Dec. 12, 2018 – The National Endowment for the Humanities announced $14.8 million in grants to support 253 humanities projects in 44 states, the District of Columbia, and Puerto Rico. An additional $47.5 million was awarded to fund 55 state humanities council partners.
Erin Beeghly, assistant professor of philosophy, was the only scholar in Utah to receive a fellowship. With the $35,000 grant, she’ll research and write a book-length study on the problem of stereotyping.
“From cutting-edge digital projects to the painstaking practice of traditional scholarly research, these new NEH grants represent the humanities at its most vital and creative,” said NEH Chairman Jon Parrish Peede. “These projects will shed new light on age-old questions, safeguard our cultural heritage, and expand educational opportunities in classrooms nationwide.”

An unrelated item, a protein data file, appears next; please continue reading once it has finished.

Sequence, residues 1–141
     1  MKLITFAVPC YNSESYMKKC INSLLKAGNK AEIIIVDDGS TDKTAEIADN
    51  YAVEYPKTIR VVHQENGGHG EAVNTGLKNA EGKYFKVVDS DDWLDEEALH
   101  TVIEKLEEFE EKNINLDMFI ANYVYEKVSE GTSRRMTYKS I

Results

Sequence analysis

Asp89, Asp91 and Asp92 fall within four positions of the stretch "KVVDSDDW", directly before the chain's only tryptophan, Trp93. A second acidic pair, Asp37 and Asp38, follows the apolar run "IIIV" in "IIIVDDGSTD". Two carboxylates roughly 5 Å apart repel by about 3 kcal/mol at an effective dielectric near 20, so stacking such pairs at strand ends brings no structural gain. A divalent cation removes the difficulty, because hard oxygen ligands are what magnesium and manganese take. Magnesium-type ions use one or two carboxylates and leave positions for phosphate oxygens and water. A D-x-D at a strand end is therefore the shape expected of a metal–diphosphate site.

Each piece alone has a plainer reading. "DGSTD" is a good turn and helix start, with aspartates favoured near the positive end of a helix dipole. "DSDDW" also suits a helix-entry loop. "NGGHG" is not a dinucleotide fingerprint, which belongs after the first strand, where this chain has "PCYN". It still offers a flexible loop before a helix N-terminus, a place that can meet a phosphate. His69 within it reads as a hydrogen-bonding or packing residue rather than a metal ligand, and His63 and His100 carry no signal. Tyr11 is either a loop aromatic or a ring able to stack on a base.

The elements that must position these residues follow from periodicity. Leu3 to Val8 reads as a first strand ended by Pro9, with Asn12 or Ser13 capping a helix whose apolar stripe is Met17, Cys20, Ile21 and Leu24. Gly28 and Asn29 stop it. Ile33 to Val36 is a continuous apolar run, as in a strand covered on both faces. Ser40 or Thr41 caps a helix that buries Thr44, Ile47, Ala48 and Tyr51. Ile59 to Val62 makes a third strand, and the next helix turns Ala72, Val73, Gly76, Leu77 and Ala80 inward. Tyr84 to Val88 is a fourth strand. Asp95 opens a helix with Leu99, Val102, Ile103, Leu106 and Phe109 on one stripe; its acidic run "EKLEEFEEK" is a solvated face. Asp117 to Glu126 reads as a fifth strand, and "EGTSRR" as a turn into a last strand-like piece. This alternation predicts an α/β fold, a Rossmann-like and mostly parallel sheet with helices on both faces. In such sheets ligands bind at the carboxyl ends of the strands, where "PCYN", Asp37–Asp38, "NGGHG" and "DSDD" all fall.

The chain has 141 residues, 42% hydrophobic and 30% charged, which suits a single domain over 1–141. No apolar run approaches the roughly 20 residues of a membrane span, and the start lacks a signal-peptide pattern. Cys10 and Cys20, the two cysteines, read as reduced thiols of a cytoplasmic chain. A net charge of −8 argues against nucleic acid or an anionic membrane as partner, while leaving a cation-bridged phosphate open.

NEH fellowships and awards for faculty will support advanced research by humanities scholars on subjects as diverse as a recently discovered early draft of the “King James Bible,” a social history of the city of Edo (now Tokyo) based on handwritten letters from a female villager who migrated to the Shogun’s capital in 1839 and a biography of Mary Willing Byrd, one of the few women who ran a large plantation in the early American South.